- The Treasure-House of Rhampsinitus (2.121a–2.121f)
Thus, they reckon that for a hundred and six years Egypt was in great misery and the temples so long shut were never opened. The people hate the memory of these two kings so much that they do not much wish to name them, and call the pyramids after the shepherd Philitis, who then pastured his flocks in this place.
- The Herodotus Machine (2.125)
- King Amasis and the Golden Washbowl (2.172)
Book III: Thalia
Now the Table of the Sun is said to be something of this kind: there is a meadow outside the city, filled with the boiled flesh of all four-footed things; here during the night the men of authority among the townsmen are careful to set out the meat, and all day whoever wishes comes and feasts on it. These meats, say the people of the country, are ever produced by the earth of itself. Such is the story of the Sun’s Table.
- The Travels of Democedes of Croton (3.125)
- Syloson and the Flame-Coloured Cloak (3.139–3.149)
Book IV: Melpomene
The Scythians insert a tube made of bone and shaped like a flute into the mare’s anus, and blow; and while one blows, another milks They make the blind men stand around in a circle, and then pour the milk into wooden casks and stir it; the part which rises to the top is skimmed off, and considered the best; what remains is not supposed to be good…
- The Lost Poem of Aristeas (4.13)
- The War on the South Wind (4.173)
- The Peculiar Customs of the Ataranteans (4.184)
Book V: Terpsichore
- The Olive Wood Statues of Epidarus (5.82–5.88)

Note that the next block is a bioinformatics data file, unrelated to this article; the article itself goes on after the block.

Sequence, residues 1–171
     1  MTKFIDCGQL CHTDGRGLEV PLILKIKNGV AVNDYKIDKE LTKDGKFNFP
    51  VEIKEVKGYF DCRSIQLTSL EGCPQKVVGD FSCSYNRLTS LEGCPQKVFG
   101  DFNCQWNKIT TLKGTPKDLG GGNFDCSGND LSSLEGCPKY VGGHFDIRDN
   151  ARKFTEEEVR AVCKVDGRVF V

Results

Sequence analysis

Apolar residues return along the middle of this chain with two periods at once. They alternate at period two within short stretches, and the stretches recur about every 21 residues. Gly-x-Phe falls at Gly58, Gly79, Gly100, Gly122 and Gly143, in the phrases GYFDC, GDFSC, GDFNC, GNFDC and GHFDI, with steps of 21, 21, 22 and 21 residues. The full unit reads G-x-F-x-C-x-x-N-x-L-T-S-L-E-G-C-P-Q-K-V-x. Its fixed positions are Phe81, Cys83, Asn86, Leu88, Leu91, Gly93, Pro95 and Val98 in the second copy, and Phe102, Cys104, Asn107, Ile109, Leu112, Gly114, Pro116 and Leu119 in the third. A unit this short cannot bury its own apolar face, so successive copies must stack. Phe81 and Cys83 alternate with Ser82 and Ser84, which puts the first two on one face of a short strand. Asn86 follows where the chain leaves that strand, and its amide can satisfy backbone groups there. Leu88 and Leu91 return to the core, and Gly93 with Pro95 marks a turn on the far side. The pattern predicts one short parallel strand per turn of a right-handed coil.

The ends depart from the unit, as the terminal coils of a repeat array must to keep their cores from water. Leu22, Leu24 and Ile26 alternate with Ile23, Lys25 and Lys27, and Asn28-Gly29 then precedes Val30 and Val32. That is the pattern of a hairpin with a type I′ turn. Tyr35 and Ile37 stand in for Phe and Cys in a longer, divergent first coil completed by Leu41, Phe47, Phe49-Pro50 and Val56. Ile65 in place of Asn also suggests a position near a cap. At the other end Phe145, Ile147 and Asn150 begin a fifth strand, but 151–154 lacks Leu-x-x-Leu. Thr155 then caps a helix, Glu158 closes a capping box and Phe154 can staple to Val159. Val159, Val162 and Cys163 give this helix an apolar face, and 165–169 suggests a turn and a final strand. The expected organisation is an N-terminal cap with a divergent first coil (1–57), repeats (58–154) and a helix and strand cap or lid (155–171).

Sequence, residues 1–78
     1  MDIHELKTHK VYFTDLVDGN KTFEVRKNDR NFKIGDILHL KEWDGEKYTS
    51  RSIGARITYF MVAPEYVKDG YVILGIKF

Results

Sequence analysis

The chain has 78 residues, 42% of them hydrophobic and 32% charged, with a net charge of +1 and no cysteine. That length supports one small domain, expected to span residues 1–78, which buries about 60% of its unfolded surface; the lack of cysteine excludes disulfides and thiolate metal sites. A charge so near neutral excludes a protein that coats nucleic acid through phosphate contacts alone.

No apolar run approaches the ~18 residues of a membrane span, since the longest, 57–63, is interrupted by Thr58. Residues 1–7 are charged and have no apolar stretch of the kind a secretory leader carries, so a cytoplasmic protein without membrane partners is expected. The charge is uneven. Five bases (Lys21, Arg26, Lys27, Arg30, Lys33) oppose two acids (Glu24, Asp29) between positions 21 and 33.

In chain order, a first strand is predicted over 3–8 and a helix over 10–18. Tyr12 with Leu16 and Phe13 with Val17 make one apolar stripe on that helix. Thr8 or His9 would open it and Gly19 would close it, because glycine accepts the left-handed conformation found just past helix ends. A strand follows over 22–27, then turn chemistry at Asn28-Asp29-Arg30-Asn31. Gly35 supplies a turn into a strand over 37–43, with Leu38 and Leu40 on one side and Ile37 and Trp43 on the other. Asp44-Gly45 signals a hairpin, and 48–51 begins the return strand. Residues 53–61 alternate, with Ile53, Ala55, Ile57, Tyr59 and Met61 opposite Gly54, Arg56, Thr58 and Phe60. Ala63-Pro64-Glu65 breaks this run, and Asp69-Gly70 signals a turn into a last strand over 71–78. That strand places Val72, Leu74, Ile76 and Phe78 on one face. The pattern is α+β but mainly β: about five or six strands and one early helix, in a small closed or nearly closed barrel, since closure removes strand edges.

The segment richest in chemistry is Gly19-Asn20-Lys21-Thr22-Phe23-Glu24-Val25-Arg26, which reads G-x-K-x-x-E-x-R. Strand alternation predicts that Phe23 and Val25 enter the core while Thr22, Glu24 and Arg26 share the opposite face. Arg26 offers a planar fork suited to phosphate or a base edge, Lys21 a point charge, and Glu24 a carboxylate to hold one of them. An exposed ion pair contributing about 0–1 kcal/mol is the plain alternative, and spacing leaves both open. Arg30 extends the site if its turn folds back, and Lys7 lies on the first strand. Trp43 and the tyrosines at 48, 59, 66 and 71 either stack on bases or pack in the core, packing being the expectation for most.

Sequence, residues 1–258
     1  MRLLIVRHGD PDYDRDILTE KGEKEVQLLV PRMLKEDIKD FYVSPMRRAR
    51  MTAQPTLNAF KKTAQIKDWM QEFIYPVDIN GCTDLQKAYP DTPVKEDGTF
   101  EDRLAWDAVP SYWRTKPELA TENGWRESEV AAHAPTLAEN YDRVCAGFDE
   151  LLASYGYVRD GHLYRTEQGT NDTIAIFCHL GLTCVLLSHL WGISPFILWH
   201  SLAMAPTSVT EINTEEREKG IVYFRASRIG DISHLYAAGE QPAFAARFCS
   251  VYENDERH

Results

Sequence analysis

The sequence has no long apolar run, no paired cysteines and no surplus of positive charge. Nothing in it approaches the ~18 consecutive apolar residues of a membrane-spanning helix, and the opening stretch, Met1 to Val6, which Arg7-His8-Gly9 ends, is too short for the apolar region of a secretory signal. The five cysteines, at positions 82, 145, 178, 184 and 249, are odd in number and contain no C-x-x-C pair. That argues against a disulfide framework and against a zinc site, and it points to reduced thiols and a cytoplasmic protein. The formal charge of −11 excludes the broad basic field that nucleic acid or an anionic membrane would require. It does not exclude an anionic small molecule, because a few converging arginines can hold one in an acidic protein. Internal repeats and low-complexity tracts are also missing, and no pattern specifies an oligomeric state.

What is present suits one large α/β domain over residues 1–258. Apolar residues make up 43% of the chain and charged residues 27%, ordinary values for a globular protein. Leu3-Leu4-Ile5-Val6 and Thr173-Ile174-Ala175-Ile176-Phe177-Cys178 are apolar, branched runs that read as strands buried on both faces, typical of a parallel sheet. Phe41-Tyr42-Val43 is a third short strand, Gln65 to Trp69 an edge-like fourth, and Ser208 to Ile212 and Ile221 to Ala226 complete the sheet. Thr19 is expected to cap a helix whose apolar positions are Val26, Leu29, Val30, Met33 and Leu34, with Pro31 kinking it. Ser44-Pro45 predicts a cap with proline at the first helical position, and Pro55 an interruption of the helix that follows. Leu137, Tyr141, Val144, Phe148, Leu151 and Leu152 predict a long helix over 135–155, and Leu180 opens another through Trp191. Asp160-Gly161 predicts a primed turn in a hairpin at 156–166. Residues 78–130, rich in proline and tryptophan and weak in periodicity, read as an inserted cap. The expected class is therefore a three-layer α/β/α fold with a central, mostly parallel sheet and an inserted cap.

- The Coded Message of Thrasybulus to Periander (5.92f)
Book VI: Erato
Book VII: Polymnia
- Pythius makes an Unreasonable Request to Xerxes (7.27–2.29, 7.38–2.40)
- Pharnuches Tossed from his Horse (7.88)
- The Execution of Leon by the Persians (7.180)
- Ameinocles’ Lucky Day (7.190)
- Aristodemus (7.229–7.231)
Book VIII: Urania
- Scyllias the Diver (8.8)
- The Persian Royal Mail Must Go Through (8.98)
- Hermotimus Takes Revenge against Panionius (8.106)
Book IX: Calliope
- The Xerxes You Didn’t Know
- Xerxes’ Dream (7.12–7.20)
- Xerxes Angered by Pythius’ Request (7.27–2.29, 7.38–2.40)
- Xerxes Decorates a Tree on the Road to Sardis (7.31)
- Xerxes Sentences the Hellespont to 300 Lashes (7.35–7.54)
- Xerxes Hankers to Watch a Rowing Match (7.44)
- Xerxes Reflects on the Shortness of Life (7.45–7.46)
- Xerxes Presents the People of Acanthus with a Suit of Median Clothes (7.116)
- A Trio of Mythological Animals
- The Flying Snakes of Arabia (2.75)
- The Gold Digging Ants (3.102)
- The Cinnamon Birds of Arabia (3.111)
- Various Marvels
 The Histories by Herodotus; translated by A. D. Godley (1920), Harvard University Press. The full text of this edition is available online at The Perseus Project.
 ‘Useless’ Knowledge by Bertrand Russell (1935).
 300 directed by Zack Snyder (2006).
 300: Rise of an Empire directed by Noam Murro (2014).